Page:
Rapidly decelerating sediment-laden flows typically emplace confined sedimentary deposits. In the fluvial environment, when sediment-laden rivers reach lakes the decelerating flow emplaces a subaerial delta with distinctive topset, foreset, and bottomset deposits. In the submarine environment, turbidity currents undergoing rapid deceleration commonly emplace sedimentary wedges (i.e., deposits thinning in the downstream direction). Froude-supercritical turbidity currents have an intrinsic self-regulating mechanism for deceleration, in that the faster they flow, the more they incorporate ambient sea water through mixing at their interface. In addition, special topographic configurations, such as the entrance into a zone of much lower slope and/or lateral confinement, or the passage into a confined minibasin, may trigger sudden flow deceleration by forcing a transition to subcritical flow through an internal hydraulic jump. The present paper and its companion present experiments on a generic configuration aimed at studying the emplacement of wedge-shaped sedimentary deposits by continuous supercritical density currents. The deceleration is achieved both by natural entrainment of ambient water and by the presence of an obstructing barrier downstream. Lightweight plastic sediment was used as an analog for sand, and was transported mostly as bedload, but with some suspension, by a saline underflow. The saline underflow served as a surrogate for a turbidity current driven by fine mud that does not easily settle out. The companion paper is focused on the flow patterns associated with the decelerating current. The present paper focuses on the depositional sequences. The decelerating supercritical flows produced a wedge with a distinct pattern of aggradation and progradation. In addition, a foreset-like structure is attributed to the presence of an internal hydraulic jump forced by the downstream barrier. Although they do not reproduce any specific field-scale setting, the experiments are deemed a good generic model for several wedge-shaped submarine deposits in various settings, from slope aprons to deposits in minibasins or on the external flanks of channel levees. The paper also documents the regimes of bedforms associated with the diverse flow regions. It provides the first evidence for the formation of trains of the upstream-migrating sediment waves known as cyclic steps, similar to those commonly observed on channel levees and also along the thalwegs of some steep canyons. In addition, the experiments provide convincing evidence for the formation of downstream-migrating antidunes as well.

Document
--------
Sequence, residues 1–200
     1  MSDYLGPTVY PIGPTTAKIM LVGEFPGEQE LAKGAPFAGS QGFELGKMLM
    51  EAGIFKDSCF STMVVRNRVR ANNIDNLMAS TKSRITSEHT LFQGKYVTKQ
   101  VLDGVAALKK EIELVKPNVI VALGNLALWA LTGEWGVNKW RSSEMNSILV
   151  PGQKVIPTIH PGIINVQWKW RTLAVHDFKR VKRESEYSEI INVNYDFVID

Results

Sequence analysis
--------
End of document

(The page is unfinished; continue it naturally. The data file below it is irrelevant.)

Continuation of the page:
ASJC Scopus subject areas